Metropolitan France

Last updated
Map of Metropolitan France Fr-map.png
Map of Metropolitan France

Metropolitan France (French : France métropolitaine or la Métropole), also known as European France, [1] is the area of France which is geographically in Europe. This collective name for the European regions of France is used in everyday life in France but has no administrative meaning, with the exception of only Metropolitan France being part of the Schengen Area. [2] Indeed, the overseas regions have exactly the same administrative status as the metropolitan regions. Metropolitan France comprises mainland France and Corsica, as well as nearby French islands in the Atlantic Ocean, the English Channel (French : la Manche), and the Mediterranean Sea. It borders have undergone significant changes over the centuries, particularly in the east, but have remained unaltered since 1947.

Contents

In contrast, overseas France is the collective name for all the French départements and territories outside Europe. Metropolitan and overseas France together form the French Republic. Metropolitan France accounts for 82.0% of the land territory, 3.3% of the exclusive economic zone (EEZ), and 95.9% of the population of the French Republic. Some small parts of France (e.g. Cerdanya) are a part of the Iberian Peninsula.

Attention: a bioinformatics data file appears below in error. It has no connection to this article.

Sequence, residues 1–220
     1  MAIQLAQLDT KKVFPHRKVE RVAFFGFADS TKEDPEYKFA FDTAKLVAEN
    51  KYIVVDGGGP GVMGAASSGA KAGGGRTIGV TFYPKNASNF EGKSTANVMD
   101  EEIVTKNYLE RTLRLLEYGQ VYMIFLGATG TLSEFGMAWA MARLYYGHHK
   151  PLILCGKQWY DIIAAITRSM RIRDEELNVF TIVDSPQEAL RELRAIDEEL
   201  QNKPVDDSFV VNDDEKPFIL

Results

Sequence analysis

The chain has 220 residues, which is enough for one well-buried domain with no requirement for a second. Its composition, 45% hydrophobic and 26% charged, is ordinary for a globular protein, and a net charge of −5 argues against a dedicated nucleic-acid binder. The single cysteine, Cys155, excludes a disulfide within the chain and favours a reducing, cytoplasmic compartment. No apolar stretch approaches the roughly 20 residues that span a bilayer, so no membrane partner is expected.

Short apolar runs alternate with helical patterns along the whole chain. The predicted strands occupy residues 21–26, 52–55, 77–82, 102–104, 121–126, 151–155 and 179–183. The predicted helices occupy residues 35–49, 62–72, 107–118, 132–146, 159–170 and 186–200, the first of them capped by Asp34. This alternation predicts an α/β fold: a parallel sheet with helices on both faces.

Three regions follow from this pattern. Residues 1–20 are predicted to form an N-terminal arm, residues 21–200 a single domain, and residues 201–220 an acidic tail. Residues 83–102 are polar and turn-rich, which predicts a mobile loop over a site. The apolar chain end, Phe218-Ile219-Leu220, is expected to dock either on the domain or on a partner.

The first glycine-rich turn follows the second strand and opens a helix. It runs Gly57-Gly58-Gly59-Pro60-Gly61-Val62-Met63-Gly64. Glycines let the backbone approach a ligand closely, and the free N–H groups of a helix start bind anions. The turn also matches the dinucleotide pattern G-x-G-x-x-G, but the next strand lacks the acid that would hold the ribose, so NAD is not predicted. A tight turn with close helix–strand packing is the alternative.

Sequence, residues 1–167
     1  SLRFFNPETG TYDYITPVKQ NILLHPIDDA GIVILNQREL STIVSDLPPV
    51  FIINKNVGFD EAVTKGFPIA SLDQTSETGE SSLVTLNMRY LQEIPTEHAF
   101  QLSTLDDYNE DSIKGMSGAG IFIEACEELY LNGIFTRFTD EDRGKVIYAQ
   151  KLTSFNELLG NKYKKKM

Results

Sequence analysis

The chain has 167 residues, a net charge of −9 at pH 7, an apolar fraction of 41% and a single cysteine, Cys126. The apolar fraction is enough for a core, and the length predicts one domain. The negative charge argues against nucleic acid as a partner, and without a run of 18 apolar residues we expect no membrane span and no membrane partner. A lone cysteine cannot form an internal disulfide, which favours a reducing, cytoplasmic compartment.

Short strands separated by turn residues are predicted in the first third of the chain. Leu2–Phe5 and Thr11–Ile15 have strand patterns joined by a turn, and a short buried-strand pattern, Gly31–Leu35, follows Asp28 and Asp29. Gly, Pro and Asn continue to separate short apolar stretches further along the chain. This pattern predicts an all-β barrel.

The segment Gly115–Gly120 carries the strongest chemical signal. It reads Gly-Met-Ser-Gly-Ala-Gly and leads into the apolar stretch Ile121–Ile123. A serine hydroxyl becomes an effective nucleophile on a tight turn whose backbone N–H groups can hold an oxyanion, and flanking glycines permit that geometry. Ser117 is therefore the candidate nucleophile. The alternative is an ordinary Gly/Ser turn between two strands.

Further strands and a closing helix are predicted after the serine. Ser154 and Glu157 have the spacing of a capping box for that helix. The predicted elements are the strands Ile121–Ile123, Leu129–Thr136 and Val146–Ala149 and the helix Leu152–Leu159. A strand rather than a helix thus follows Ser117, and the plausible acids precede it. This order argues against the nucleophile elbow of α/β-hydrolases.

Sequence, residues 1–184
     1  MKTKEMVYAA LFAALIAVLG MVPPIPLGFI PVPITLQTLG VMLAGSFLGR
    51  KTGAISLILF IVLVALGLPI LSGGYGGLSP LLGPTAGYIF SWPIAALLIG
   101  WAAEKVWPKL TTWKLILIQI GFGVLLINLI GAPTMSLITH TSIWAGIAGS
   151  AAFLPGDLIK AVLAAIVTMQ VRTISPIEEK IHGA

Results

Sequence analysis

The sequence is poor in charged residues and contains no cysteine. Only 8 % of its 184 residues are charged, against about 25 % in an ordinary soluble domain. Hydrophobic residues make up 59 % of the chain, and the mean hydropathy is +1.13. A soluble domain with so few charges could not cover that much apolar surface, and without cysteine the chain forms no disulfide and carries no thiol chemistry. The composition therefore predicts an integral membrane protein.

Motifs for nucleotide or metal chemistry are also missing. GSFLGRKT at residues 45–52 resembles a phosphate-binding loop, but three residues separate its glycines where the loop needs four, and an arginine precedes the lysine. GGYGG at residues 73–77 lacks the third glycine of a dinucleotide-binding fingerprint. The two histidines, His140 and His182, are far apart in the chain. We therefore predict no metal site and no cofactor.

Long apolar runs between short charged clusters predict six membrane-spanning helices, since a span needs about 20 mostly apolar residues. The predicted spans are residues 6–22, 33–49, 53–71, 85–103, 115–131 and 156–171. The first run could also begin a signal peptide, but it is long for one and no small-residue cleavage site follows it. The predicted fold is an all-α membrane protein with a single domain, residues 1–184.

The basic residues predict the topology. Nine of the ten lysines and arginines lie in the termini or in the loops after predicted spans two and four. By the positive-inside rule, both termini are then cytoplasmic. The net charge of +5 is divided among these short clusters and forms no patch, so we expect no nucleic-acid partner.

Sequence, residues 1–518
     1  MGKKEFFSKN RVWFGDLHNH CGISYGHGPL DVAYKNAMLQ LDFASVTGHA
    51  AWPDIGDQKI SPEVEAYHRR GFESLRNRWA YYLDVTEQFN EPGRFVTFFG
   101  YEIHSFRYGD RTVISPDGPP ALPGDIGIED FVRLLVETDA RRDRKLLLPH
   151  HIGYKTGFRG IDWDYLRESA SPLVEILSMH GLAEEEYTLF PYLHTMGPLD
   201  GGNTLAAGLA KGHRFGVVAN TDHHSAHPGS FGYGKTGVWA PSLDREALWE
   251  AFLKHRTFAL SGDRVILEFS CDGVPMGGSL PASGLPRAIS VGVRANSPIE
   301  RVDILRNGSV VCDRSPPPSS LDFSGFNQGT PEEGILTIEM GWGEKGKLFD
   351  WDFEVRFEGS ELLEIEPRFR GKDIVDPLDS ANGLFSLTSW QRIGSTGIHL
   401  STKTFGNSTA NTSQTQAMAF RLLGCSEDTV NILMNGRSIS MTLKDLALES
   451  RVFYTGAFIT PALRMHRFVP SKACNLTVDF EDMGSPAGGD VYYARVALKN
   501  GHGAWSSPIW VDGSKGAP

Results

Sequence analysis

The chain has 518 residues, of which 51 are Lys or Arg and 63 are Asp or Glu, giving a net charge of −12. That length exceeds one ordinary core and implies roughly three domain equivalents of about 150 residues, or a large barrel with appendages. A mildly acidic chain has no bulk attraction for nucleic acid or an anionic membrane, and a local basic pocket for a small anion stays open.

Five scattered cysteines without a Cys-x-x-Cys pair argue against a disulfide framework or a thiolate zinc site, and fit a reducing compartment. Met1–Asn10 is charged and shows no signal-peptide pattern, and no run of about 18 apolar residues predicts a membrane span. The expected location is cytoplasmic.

In overseas France, a person from metropolitan France is often called a métro, short for métropolitain.

Etymology

The term "metropolitan France" dates from the country's colonial period (from the 16th to the 20th centuries), when France was referred to as la Métropole (literally "the Metropolis"), as distinguished from its colonies and protectorates, known as les colonies or l'Empire. Similar terms existed to describe other European colonial powers (e.g. "metropolitan Britain", "España metropolitana"). This application of the words "metropolis" and "metropolitan" came from Ancient Greek "metropolis" (from μήτηρ mētēr "mother" and πόλις pólis "city, town"), which was the name for a city-state that created colonies across the Mediterranean (e.g. Marseille was a colony of the city-state of Phocaea; therefore Phocaea was the "metropolis" of Marseille). By extension "metropolis" and "metropolitan" came to mean "motherland", a nation or country as opposed to its colonies overseas.